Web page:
The panel discussion offered profound insights into bridging the talent gap, navigating a changing candidate market, and strategically tapping into alternative talent pools. The consensus was this: The importance of a holistic approach, combining innovative strategies, collaboration, and a human-centric mindset to effectively address the challenges posed by talent scarcity.
Shaping talent acquisition strategies for 2024 – Key priorities for TA leaders
As TA leaders navigate the evolving landscape and look ahead to 2024, the second panel discussion at the Summit, provided valuable insights into key priorities and strategic considerations.
Internal dialogue and technological transformation
Mark Coad, Head of Talent Acquisition at GSK, with focus on the internal dialogue about the future workforce. Mark spoke to the importance of a top-down directive regarding AI and technology. While acknowledging the experimentation with AI, he underscored the need for technology integration, ensuring that all tech components collaborate effectively. Mark highlighted the challenge of excessive demand and attrition, prompting a shift towards differentiation and adding value to the business through talent strategies. He emphasized using data and mapping to provide the business with contextual insights into hiring, touching on the dilemma of building vs. buying a tech stack and the complexities of retraining or hiring new talent.
However, he anticipated increased engagement with CEOs and TA teams once interest rates become less of a risk. Ken highlighted the significance of money and flexibility in attracting candidates and provided a pragmatic view on AI adoption, stressing the need for tactical deployment to enhance existing processes. He said: “It will take another 4 or 5 years for AI to take off simply because organisations just don’t move that fast. There are still concerns around the algorithms and safety around AI and that’s why big organisations won’t go near it for some time. Over the next few years, though, you need to look at how you deploy AI tactically to help you do the things you’re doing now a bit faster, better and cheaper.”
He predicted a gradual improvement in the talent landscape by 2024, while emphasising the importance of tactical savviness and a focus on the candidate experience.
Retention and reskilling: a paradigm shift
David Archer, RPO Director at ManpowerGroup Talent Solutions, shed light on the changing expectations of Recruitment Process Outsourcing (RPO) providers. He said, “Filling roles remains crucial and retention has become a core service. We’re increasingly talking to clients about retention and the basis of a good recruitment strategy is being able to keep existing talent.
David predicts that the next trend is going to be the identifying skills needed in the business and the upskilling or reskilling of existing employees to fuel strategic growth.
He said, “Retention is a significant challenge, with a scarcity of organisations excelling in this aspect. It’s so important to leverage technology for a good candidate journey, advocating for insight-driven decision-making over mere data analysis.”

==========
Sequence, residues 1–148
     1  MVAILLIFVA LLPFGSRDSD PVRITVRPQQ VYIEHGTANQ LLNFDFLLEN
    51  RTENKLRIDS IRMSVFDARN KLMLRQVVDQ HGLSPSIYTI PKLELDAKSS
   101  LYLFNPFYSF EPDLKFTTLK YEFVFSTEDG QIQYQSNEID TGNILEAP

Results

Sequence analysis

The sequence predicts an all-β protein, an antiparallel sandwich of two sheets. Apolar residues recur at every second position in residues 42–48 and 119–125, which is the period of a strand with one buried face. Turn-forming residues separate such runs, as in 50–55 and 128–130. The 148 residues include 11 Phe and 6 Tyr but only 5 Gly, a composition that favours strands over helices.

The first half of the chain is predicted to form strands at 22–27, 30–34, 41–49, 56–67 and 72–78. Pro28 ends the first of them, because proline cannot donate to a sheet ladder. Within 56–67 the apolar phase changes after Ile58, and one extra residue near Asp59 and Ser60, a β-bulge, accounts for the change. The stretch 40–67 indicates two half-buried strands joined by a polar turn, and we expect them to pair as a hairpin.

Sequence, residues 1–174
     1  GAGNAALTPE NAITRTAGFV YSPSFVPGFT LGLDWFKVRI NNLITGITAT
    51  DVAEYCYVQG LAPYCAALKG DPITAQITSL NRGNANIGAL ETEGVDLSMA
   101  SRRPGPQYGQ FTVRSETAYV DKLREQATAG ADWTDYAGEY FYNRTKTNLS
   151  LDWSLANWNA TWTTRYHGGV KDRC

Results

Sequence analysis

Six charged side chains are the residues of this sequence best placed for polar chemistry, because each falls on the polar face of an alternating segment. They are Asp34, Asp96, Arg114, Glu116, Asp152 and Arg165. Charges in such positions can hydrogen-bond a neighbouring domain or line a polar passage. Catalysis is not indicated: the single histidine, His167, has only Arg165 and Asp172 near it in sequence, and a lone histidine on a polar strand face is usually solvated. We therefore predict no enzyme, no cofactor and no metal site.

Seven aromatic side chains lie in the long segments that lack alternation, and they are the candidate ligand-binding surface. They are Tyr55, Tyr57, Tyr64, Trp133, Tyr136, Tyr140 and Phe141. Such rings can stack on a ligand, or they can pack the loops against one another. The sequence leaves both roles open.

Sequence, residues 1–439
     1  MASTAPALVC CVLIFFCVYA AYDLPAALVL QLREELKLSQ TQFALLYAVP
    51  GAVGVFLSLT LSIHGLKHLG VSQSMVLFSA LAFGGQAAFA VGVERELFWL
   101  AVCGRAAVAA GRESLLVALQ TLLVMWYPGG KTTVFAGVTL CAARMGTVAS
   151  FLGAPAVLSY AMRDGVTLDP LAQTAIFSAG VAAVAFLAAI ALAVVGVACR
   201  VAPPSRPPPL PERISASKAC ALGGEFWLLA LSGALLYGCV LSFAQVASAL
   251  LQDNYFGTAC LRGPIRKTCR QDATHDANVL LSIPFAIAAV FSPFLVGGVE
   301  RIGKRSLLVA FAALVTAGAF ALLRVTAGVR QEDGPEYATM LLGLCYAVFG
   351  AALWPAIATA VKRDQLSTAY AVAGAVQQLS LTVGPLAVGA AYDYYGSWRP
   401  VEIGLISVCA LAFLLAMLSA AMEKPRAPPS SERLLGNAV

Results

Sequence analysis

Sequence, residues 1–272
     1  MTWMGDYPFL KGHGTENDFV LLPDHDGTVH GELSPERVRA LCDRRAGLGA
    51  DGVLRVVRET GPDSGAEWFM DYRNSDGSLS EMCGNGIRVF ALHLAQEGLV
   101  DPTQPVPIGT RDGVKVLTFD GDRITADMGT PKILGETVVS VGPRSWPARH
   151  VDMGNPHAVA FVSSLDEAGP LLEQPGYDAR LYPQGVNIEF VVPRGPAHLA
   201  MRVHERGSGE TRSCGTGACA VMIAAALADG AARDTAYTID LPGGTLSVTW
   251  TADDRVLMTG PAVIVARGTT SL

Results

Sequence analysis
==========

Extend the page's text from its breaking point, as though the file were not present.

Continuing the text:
The role of data in decision-making
Alison Ettridge, CEO at Strategins, discussed the role of data in organisational decision-making. Alison presented data as a “crystal ball” that can predict workforce trends and flight risks. She emphasised the use of Talent Intelligence (TI) and urged organisations to prioritise its adoption, highlighting the risk of missing out on scarce talent if not utilised. Addressing concerns about resistance to change, Alison advocated for telling a compelling story with data, making decision-makers part of the narrative, and proactively using available information for strategic workforce planning in 2024.
Employer branding and strategic differentiation
Dave Walstow, Associate Director at Creed Comms, emphasised the importance of understanding audiences and defining Employer Value Propositions (EVPs). He highlighted the need to scrutinize data when facing budget constraints, emphasising that effective employer branding and EVPs are strategic differentiators. Dave urged organizations to evaluate and define their EVPs, ensuring they are aspirational, authentic, and differentiated from the competition.
To complete the day’s activity, Declan Slattery led the delegates through an exercise designed to help TA Leaders prioritise their strategic objectives for 2024. It soon became clear that these objectives are numerous and complex. The exercise, leveraging the insights shared throughout the day, underscored how the role of TA has expanded, requiring agility and innovation to respond to the multiple challenges they face.
And to finally close the event, Declan took the opportunity to thank the delegates for all the hard work they do and reminded them that at the end of all their processes and delivery, there’s an individual candidate whose life is changed for the better by the opportunities they create. When you think of the impact TA has on the world of work, TA truly is shaping the world we live in – one job at a time, which just goes to show the power and influence of our community, and that really is something to celebrate.
In conclusion, the discussions during the day illuminated key priorities for TA leaders, ranging from internal dialogue and technological integration to the strategic use of data, retention efforts, and the crucial role of employer branding. As organisations gear up for the challenges of 2024, these insights serve as a guide for crafting effective talent acquisition strategies in a dynamic and competitive landscape.
TALiNT Partners hosts regular events for their network of Talent Acquisition leaders. To join the conversation and register for 2024 events, please click here.